The Department of Commerce's National Telecommunications and Information Administration (NTIA) today announced a five-year cooperative research and development agreement with the University of Colorado Boulder to develop a wireless test bed. NTIA’s Boulder-based Institute for Telecommunication Sciences (ITS) will work with the university to install spectrum monitoring sensors throughout the CU Boulder campus, with data to be available to both parties for spectrum management research.
Uber Technologies has agreed to expand the proposed settlement it reached with the Federal Trade Commission in 2017 over charges that the ride-sharing company deceived consumers about its privacy and data security practices. After the announcement of 2017’s proposed settlement, the FTC learned that Uber had failed to disclose a significant breach of consumer data that occurred in 2016 -- in the midst of the FTC’s investigation that led to the August 2017 settlement announcement. Due to Uber’s misconduct related to the 2016 breach, Uber will be subject to additional requirements.
There are two general approaches to expanding access to high-speed broadband in small towns and rural areas: with wires (fiber) and without (fixed wireless). Because trenching fiber is very costly in low-density areas, there is a growing recognition that “wireless fiber”–otherwise known as fixed wireless access–can provide broadband at high capacity (100/10 Mbps or better) at a fraction of the cost and also far more quickly.
Federal Communications Commission Chairman Ajit Pai announced that significant progress has been made as a result of the Commission’s renewed commitment to combating unlawful broadcasting—often called “pirate radio.” The FCC’s Enforcement Bureau has led an effort to crack down on this illegal activity, resulting in unlawful broadcasts going off the air, seizure of equipment, fines against pirates, proposed fines against pirates and property owners actively aiding pirate radio operations, and numerous other enforcement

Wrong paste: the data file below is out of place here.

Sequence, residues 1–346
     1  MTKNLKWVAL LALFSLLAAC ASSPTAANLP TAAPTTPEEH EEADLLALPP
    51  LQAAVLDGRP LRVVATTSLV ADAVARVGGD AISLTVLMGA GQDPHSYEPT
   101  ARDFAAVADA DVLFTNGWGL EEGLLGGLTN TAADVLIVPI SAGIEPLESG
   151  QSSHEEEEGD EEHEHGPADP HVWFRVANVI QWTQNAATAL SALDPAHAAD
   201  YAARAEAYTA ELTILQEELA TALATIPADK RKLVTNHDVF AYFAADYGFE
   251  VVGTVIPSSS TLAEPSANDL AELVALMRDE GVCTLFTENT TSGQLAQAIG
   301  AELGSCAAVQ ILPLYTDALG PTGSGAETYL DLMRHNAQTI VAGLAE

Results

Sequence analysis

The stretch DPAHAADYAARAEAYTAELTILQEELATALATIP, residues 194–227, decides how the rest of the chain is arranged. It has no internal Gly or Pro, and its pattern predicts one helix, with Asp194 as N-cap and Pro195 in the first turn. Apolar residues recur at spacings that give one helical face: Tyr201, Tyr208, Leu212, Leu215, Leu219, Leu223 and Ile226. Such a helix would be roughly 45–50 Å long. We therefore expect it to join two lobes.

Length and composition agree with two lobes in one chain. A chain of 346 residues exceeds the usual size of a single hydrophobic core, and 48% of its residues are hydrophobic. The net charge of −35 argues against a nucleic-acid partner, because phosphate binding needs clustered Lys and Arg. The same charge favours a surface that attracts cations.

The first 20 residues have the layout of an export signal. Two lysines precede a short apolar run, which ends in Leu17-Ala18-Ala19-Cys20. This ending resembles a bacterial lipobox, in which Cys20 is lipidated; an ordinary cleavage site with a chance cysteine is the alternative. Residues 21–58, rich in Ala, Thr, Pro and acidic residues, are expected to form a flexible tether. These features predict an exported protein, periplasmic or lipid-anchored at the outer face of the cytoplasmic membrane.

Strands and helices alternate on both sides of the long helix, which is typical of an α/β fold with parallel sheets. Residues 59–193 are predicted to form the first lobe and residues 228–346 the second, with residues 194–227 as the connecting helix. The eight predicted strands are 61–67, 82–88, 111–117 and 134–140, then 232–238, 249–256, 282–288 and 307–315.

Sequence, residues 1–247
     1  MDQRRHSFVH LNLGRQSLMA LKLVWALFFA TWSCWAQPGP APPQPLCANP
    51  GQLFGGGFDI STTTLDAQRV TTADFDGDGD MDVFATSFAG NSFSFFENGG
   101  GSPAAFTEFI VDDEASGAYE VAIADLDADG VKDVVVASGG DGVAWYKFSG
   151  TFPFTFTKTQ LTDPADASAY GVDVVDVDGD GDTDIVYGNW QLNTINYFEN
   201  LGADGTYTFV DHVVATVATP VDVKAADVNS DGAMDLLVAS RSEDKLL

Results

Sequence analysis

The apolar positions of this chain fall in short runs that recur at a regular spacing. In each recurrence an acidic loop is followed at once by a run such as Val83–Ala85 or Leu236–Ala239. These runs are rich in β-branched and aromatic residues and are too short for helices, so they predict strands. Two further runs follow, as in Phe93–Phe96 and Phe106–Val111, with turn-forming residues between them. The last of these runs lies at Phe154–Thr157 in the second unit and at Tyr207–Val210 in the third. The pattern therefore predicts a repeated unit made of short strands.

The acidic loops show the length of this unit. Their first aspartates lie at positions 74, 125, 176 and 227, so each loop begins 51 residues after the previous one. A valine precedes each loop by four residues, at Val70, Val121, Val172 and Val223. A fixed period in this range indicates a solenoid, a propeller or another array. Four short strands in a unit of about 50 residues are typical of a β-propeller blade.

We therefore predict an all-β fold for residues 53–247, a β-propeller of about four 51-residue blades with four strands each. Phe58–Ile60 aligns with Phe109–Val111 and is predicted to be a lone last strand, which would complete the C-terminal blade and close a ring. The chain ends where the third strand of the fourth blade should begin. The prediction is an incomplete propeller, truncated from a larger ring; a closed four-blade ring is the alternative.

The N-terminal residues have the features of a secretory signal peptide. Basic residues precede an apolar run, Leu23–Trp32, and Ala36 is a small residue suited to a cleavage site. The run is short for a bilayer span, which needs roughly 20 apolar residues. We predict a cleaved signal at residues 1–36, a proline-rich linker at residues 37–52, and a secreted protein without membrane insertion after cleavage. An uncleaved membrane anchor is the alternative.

The Federal Communications Commission will hold an Open Meeting on the subjects listed below on Tuesday, April 17, 2018:
FCC Settles with Sprint & Mobilitie for $11.6 Million Regarding Wireless Structures Built Without Required Review
The Federal Communications Commission announced settlements with Sprint and Mobilitie in two separate but related investigations into whether the companies completed proper tower registration as well as environmental and historic impact reviews prior to construction of wireless infrastructure facilities. To settle the investigations, Sprint agreed to pay $10 million and Mobilitie agreed to pay $1.6 million to the US Treasury.
The Federal Communications Commission announced the launch of a new Honors Engineer Program to recruit current students and recent engineering school graduates to the FCC and into the forefront of the technology and communications fields. This is an opportunity for individuals to gain public
sector experience at the beginning of their careers through a valuable one-year career development program. At the end of the one-year program, Honors Program engineers will be eligible for consideration for continued employment at the FCC.
The Federal Communications Commission approved an application by Space Exploration Holdings, doing business as SpaceX, to provide broadband services using satellite technology in the United States and around the world. SpaceX proposed a satellite system comprised of 4,425 satellites and was granted authority to use frequencies in the Ka (20/30 GHz) and Ku (11/14 GHz) bands to provide global Internet connectivity. The Memorandum Opinion, Order and Authorization outlines the conditions under which SpaceX is authorized to provide service using its proposed NGSO FSS satellite constellation.
Federal Communications Commission Commissioner Mignon Clyburn announced the appointments of Neşe Guendelsberger as wireline legal advisor and Michael Scurato as media legal advisor, as well as the departures of J. David Grossman, the Commissioner’s Chief of Staff and Claude Aiken, the Commissioner’s wireline legal advisor.
Public Safety’s Exclusive Communications Platform Comes to Life With Nationwide Launch of the FirstNet Dedicated Network Core
First responders perform a specialized job. And with the launch of the FirstNet network core, first responders now have access to a truly specialized communications system that can keep up with their needs. While we’ve already given first responders access to the early benefits of FirstNet, the launch of the FirstNet evolved packet core is a major breakthrough for public safety. Built on physically separate hardware, it finally gives first responders their own separate, nationwide broadband network.